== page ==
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Editorial Archives The Altamont Enterprise, November 24, 2011
What makes a home?
Gleaming hardwood floors. Gone. Carefully chosen wallpapers. Gone. Real plaster walls. Gone. Most of the inherited family furniture. Gone.
But still Jill Hotaling calls this home. “I dug my heels in,” she says. “This is my home. I love it.”
She and her husband, Jim, have lived in their Schoharie home for the last quarter of a century. They raised their four children there. The walls, now gutted to the studs, hold memories.
The muddy water left by Tropical Storm Irene on Aug. 28 flooded four feet high on the first story of their two-story house.
“Look at the numbers on this beam,” says Jim Hotaling, pointing, and explaining that, in the 1940s, Sears and Roebuck sold the first pre-fabricated homes, shipped in pieces to be assembled in towns across the country. “It’s amazing what you can find when you tear the place apart.”
Mrs. Hotaling holds up two rag dolls Ann and Andy made by her mother long ago. They had been in the home’s crawl space but, before the flood, she had taken them out and placed them on a bookshelf in her sewing room. They were perched above the high-water mark.
Mrs. Hotaling fluffs their red wool hair and hugs them. “You cherish the things your mother made,” she says, describing the painstaking way her mother had put the thick wool hair in one strand at a time.
The Hotalings, both retired teachers, have been living in a camper parked in their driveway for the last three months as they put their lives back together, piece by piece. They are among the scores of flood survivors and volunteers who have come to help that eat at the Loaves and Fishes Café run by the Schoharie Reformed Church.
Volunteers at the café, aware of the miraculous when they chose its name, describe the food that arrives unbidden. “It’s like manna from heaven,” says Janis Bassett, another retired teacher who helps run the eatery. “It just comes in.”
The feeling of care at the café is palpable. Two residents from the Schoharie County ARC (originally the Association of Retarded Citizens) were among those serving hearty fare last Friday. “We make the meals and bring them here,” said Wendy Beevers who brought the pair. “They like to help others.”
What a great example they set, contributing what they can.
Since the week of the flood, the pages of our newspaper have been filled with stories not just of devastation but also of people pitching in to help their neighbors. Even now, three months later, we publish not just our own articles but letters and notices of fund-raisers, work parties, and thanks. As we shopped at the Altamont Agway yesterday, owner Dan Dymes told us that a story we wrote about his drive to help flooded farmers netted $8,000.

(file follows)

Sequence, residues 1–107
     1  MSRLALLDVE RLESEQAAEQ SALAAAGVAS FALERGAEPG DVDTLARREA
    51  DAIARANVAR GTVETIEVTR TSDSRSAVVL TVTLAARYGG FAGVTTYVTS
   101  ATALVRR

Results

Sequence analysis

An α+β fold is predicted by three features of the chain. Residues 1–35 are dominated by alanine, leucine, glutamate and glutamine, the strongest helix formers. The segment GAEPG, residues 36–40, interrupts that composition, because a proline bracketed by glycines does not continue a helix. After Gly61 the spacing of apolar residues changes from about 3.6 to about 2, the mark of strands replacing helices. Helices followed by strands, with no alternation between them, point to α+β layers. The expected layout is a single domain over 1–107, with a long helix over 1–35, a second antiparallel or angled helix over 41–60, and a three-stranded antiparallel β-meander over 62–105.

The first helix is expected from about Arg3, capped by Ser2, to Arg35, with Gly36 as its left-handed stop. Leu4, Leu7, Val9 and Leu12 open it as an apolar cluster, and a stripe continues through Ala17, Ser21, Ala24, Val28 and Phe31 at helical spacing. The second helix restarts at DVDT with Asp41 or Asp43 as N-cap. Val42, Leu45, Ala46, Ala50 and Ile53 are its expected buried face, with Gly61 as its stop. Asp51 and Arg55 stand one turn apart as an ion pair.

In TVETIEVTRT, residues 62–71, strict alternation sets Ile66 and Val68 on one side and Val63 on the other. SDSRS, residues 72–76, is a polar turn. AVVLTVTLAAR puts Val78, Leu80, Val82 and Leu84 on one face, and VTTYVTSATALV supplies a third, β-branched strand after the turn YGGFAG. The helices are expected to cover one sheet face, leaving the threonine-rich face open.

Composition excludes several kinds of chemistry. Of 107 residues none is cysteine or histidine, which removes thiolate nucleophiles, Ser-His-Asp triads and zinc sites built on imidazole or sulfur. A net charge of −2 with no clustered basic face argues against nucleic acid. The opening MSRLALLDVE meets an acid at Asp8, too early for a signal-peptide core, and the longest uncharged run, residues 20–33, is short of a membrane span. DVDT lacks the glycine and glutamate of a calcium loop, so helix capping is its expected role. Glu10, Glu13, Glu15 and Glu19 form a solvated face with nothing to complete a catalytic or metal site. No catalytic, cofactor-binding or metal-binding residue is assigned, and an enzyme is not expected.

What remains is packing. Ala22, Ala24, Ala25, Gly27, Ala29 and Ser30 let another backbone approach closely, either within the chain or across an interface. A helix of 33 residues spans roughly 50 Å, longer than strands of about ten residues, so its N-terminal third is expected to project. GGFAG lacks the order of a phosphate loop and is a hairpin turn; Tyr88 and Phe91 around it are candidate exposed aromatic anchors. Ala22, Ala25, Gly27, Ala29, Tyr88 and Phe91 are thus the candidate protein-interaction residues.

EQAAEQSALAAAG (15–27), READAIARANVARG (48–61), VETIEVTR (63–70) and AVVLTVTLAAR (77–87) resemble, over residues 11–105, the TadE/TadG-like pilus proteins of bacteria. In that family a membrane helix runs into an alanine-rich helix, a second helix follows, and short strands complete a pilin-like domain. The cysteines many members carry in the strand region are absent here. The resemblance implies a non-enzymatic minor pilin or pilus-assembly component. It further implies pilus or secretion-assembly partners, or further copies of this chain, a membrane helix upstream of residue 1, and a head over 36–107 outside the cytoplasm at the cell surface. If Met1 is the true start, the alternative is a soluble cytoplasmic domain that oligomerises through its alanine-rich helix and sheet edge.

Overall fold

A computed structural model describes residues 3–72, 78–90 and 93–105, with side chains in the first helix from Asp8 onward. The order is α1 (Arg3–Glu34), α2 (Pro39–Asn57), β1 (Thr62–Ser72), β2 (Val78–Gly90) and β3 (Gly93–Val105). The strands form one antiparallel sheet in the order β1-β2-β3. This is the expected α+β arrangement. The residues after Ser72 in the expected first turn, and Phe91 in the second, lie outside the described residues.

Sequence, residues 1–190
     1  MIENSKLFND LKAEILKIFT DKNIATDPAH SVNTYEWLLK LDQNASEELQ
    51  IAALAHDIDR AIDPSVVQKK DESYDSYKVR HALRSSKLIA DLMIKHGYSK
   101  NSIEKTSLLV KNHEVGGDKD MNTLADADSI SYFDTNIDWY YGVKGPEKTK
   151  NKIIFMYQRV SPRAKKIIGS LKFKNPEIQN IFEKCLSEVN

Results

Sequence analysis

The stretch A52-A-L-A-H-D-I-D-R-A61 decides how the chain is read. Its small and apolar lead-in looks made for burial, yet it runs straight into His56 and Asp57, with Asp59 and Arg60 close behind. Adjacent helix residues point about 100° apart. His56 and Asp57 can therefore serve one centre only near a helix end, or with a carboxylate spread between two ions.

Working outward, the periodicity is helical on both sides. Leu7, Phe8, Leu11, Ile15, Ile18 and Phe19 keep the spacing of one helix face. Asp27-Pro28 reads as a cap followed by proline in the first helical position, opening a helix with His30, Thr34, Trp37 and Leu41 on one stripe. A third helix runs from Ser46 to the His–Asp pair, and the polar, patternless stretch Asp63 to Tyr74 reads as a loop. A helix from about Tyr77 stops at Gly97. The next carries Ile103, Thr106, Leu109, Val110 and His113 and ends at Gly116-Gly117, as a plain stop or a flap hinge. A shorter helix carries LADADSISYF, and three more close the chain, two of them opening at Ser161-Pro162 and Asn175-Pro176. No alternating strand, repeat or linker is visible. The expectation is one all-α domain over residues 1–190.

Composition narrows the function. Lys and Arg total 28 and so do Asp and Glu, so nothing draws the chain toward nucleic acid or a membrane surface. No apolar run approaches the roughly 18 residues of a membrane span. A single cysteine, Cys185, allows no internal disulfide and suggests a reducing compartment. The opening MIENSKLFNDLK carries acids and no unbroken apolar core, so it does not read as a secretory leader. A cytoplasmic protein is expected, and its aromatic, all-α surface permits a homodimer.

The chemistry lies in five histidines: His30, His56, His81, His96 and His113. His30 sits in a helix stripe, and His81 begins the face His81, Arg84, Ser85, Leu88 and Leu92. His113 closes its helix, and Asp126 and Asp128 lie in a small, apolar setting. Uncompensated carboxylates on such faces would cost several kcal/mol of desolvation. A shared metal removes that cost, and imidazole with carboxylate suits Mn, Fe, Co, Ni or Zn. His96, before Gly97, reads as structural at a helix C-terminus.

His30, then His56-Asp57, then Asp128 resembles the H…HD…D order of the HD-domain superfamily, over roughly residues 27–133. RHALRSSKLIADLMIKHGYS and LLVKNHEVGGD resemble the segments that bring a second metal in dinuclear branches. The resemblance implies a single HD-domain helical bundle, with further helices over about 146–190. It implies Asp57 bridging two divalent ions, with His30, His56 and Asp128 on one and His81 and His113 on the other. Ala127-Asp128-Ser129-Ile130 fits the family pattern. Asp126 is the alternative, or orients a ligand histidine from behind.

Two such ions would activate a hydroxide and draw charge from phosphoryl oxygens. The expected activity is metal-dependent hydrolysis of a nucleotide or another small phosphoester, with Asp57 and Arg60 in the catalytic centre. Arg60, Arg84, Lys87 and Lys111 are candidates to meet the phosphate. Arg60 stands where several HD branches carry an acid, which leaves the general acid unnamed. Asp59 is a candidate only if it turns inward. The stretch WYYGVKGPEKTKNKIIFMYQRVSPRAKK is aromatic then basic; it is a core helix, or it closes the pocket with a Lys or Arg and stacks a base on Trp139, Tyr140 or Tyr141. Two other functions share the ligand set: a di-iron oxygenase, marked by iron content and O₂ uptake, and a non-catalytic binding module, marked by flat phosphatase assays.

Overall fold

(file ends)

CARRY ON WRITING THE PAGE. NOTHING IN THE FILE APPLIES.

This week, we have a letter from Tom Smith, a retired Guilderland teacher who lives in Schoharie, detailing at length the help he has received. “Our house is less of a disaster than it was,” he writes, “as we leave the demolishing phase and enter the rebuilding one. I just could not let Thanksgiving pass by without giving voice to my gratitude for all the help that has emerged and continues to be offered from a school and community that, in my book, are as good as it gets.”
How moving to hear, from someone who could be bitter about the devastating and random destruction of his home, words of praise and thanks instead.
Many months of hard work lie ahead not just for Tom Smith or for Jim and Jill Hotaling but for all the flood survivors who have chosen to rebuild. We salute them as we continue to tell their stories.
As we sat in the Loaves and Fishes Café this past week, we heard a woman thanking the volunteers who served her. “This feels like home,” she said.
That brought to mind lines from one of our favorite poems Robert Frost’s “The Death of the Hired Man.” It tells the story of Silas, a proud man who has worked in spurts over the years for a struggling farmer, Warren, and his wife, Mary. One day, Mary comes upon Silas, old and sick, huddled against their barn.
As she and Warren puzzle over why Silas has come to them rather than his wealthy brother in his hour of need, Warren says, “Home is the place where, when you have to go there,/ They have to take you in.”
That was the line that struck us as we visited the Loaves and Fishes Café last week. To us, it seemed the miracle wasn’t like the Biblical one where a few fish and loaves were multiplied to feed many. Rather, the miracle was one where strangers helped, often anonymously and without prodding, others in need.
That could be seen as the center of Thanksgiving Native Americans teaching the newcomers how to survive in the wilderness.
The kindness of strangers was evident as the Hotalings, in their shell of a home, looked last week through family pictures that had been salvaged. “One lady took some of our pictures to her house and put them in her barn to dry out,” Mr. Hotaling said. “I didn’t even know her name, but one day she showed up on our doorstep and said, ‘Here are your pictures back.’”
There was a picture of Jill Hotaling as a lovely young bride, her mother beside her, glowing in a stylish pillbox hat, her father tall and proud in a powder-blue coat. Her parents, long gone, were still vivid.
“You just don’t realize how important these things are to you,” she said, “until you don’t have them anymore.”